Recognising that arousal is not black and white can be the first step to understanding yourself and others through a different lens
If a partner has not verbally consented and they’re physically aroused, this does not serve as consent. You still have to check in with them to see if they’re subjectively aroused and get verbal consent, which needs to be enthusiastic and indisputable. If a partner is saying no, and you can feel that they are physically aroused, this does not mean they are ‘playing hard to get’. Again, verbal consent is absolutely necessary, and it is always necessary no matter the stage you are in your relationship. You can read more on the importance of consent and ways to ask for it here.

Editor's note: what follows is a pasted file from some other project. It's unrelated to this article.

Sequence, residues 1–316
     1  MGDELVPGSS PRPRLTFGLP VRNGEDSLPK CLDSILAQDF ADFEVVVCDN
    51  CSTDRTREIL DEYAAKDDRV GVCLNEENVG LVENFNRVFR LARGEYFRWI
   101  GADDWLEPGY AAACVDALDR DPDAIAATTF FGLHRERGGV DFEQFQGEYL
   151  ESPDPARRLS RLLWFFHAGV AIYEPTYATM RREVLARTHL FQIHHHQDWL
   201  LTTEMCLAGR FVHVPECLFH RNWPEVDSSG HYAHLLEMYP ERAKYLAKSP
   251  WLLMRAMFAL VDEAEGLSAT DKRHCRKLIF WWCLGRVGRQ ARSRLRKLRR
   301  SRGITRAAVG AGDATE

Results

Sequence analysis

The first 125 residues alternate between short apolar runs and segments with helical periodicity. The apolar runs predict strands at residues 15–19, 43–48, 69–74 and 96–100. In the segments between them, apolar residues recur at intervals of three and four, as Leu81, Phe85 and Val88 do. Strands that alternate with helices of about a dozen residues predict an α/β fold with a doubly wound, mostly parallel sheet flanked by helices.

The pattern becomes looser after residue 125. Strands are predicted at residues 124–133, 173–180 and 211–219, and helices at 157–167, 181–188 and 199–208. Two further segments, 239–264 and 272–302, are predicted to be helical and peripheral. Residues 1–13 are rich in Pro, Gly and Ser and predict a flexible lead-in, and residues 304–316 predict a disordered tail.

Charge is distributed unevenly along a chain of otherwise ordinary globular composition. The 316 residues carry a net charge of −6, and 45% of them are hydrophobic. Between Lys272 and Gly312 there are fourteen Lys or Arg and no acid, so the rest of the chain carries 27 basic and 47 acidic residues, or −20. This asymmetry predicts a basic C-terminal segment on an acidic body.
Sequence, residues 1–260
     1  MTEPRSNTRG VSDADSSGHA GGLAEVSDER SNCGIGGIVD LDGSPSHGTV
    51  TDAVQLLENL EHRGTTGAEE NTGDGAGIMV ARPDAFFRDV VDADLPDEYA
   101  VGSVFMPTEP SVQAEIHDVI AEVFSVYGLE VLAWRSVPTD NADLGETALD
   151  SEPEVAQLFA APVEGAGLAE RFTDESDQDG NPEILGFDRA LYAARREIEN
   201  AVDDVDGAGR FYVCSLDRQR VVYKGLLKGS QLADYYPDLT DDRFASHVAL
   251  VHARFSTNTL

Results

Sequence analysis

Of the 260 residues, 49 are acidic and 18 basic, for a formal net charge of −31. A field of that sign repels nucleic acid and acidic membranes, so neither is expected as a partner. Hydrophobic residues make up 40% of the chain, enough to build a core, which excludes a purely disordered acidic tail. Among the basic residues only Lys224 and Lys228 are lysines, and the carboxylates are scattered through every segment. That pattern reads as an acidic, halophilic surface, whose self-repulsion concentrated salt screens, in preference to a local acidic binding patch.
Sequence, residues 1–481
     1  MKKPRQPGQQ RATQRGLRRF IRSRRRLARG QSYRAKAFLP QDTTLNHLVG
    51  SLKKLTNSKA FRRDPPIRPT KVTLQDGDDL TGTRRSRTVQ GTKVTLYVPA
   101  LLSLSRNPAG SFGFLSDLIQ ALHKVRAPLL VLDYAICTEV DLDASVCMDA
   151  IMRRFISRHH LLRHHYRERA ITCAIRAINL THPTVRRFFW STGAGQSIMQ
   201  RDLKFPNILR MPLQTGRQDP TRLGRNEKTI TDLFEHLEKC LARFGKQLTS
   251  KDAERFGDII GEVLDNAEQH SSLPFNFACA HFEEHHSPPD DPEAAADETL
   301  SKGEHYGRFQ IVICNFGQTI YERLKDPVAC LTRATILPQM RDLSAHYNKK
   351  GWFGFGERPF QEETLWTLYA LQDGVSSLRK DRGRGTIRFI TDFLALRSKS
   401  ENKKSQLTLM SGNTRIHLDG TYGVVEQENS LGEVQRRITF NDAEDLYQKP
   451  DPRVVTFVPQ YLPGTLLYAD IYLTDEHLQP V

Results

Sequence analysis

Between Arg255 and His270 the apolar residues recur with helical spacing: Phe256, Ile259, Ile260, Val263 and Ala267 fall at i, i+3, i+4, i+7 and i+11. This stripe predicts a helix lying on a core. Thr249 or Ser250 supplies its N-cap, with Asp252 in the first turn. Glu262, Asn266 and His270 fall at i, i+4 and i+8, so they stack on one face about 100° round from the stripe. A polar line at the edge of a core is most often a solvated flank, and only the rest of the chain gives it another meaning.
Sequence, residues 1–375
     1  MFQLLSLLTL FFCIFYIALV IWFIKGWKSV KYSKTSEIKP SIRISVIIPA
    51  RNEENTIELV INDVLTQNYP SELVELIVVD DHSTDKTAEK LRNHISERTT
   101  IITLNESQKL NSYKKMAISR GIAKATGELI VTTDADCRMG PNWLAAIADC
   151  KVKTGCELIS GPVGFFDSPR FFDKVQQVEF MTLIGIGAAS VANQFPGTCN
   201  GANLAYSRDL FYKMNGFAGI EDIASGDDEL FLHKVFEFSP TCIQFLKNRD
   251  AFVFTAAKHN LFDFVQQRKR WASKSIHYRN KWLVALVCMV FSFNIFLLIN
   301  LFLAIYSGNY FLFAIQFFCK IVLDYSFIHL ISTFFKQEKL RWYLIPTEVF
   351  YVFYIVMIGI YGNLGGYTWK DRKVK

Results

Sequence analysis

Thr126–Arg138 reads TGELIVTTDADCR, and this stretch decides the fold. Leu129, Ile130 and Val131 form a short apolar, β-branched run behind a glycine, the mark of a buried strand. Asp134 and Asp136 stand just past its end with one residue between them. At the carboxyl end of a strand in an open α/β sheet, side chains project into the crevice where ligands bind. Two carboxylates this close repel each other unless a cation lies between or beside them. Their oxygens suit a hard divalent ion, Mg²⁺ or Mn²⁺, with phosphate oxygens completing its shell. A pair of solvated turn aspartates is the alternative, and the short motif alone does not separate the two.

Want to bridge the gap between your subjective and physical arousal?
If you tend to be subjectively but not physically aroused, start by listening to your body and making note of what makes you physically aroused. Masturbation is a good place to begin, pay attention to the movements and touches that make you feel good. You can also try a mental deep dive into past sexual experiences that have been memorable for the right reasons, what triggered a positive physical response? Was is a certain position with a sex toy, or a type of porn? Give yourself the time to investigate and trial different options.
Lubricant is your best friend, integrate it into your sexual repertoire. Water-based lubricant will enhance the sensations you feel by making the experience smoother and more comfortable. Dryness is not a necessary element of anyone’s sex life.